|Economy||Measure Code||Measure||Currency Code||Amount (Local)||Amount (USD)||Source||Post Date||Details|
|Austria||01||01 - Liquidity Support||EUR|
|Austria||01A||01A - Short-term lending||EUR|
|Austria||01B||01B - Support policies for short-term lending||EUR||IMF. https://www.imf.org/en/Topics/imf-and-covid19/Policy-Responses-to-COVID-19 (accessed 15 April 2020).||
No amount/estimate: The Oesterreichische Nationalbank (OeNB) has declared readiness to supply sufficient cash to banks, ATM operators, and the economy in response to increased withdrawals. Working hours were extended to meet the increased demand.
|Austria||01C||01C - Forex operations||EUR|
|Austria||02||02 - Credit creation||EUR||9,000,000,000||9,955,752,212|
|Austria||02A||02A - Financial sector lending/funding||EUR|
|Austria||02B||02B - Support policies for long-term lending||EUR|
|Austria||02C||02C - Loan guarantees||EUR||9,000,000,000||9,955,752,212||OECD. http://www.oecd.org/coronavirus/en/#country-tracker (accessed 15 April 2020).||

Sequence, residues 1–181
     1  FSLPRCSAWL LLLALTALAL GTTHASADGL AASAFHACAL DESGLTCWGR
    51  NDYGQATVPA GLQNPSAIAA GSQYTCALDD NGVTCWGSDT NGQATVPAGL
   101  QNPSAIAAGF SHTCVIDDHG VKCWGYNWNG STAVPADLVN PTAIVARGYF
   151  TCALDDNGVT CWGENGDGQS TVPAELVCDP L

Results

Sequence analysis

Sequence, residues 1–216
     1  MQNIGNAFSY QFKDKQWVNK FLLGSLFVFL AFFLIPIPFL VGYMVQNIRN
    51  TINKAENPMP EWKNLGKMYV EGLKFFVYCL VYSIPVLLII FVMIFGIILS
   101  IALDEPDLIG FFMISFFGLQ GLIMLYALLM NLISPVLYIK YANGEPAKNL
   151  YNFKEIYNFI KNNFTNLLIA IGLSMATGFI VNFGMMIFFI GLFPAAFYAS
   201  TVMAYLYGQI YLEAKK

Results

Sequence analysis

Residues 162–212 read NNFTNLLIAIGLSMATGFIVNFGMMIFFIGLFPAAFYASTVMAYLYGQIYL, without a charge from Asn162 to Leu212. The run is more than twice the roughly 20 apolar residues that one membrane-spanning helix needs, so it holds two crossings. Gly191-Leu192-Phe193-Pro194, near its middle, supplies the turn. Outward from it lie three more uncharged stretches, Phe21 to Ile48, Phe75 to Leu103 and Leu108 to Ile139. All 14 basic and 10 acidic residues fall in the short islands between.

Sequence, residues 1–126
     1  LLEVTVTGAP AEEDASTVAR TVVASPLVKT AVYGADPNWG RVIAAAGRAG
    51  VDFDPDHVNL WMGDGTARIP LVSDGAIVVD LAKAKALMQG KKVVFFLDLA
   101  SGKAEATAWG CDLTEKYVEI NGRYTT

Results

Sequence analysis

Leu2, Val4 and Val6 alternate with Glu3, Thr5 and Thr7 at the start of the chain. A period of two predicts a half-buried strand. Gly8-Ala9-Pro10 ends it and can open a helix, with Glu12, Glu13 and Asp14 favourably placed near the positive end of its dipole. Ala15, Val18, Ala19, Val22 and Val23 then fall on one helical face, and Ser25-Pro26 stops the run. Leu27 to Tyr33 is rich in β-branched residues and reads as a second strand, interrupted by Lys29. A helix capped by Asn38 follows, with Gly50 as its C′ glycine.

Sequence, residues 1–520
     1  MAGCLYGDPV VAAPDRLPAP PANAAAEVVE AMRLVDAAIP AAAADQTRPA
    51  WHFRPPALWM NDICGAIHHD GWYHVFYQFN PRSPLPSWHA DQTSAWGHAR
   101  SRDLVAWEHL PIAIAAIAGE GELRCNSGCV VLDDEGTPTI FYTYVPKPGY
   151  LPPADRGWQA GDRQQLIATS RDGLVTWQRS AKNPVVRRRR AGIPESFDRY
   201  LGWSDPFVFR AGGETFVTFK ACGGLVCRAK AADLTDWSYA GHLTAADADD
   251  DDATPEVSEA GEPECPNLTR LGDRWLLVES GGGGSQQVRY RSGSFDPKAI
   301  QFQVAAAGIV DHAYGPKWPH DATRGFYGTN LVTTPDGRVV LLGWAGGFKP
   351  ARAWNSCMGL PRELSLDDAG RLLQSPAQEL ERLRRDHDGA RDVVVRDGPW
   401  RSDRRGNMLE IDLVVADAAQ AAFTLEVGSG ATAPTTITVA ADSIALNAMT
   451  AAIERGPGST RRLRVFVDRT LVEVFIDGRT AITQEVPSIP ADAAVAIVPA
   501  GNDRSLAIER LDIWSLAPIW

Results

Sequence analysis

EUR9 billion in credit guarantees.
|Austria||03||03 - Direct long-term lending||EUR||150,000,000||165,929,204|
|Austria||03A||03A - Long-term lending||EUR||150,000,000||165,929,204||European Commission. https://ec.europa.eu/commission/presscorner/detail/en/ip_20_1275 (accessed 8 July 2020).||
July 6, EUR150 million subordinated loan from the Austrian government to support Austrian Airlines for damages suffered due to coronavirus outbreak. This loan is convertible into a grant depending on the full-year results of Austrian Airlines.
|Austria||03B||03B - Forbearance||EUR||Bundesministerium Finanzen. https://www.bmf.gv.at/presse/pressemeldungen/2020/juni/kreditmoratorium-verlaengert.html (accessed 04 June 2020); OECD. http://www.oecd.org/coronavirus/en/#country-tracker (accessed 15 April 2020).||
No amount/estimate: Austrians are allowed to defer interest payments on bank loans. June 2, Extended the loan deferrals available for private and micro-enterprises by four months, which allows beneficiaries to defer repayment obligations for principal or interest payments without suffering legally.
|Austria||04||04 - Equity support||EUR|
|Austria||05||05 - Health and income support||EUR||52,384,000,000||57,946,902,655|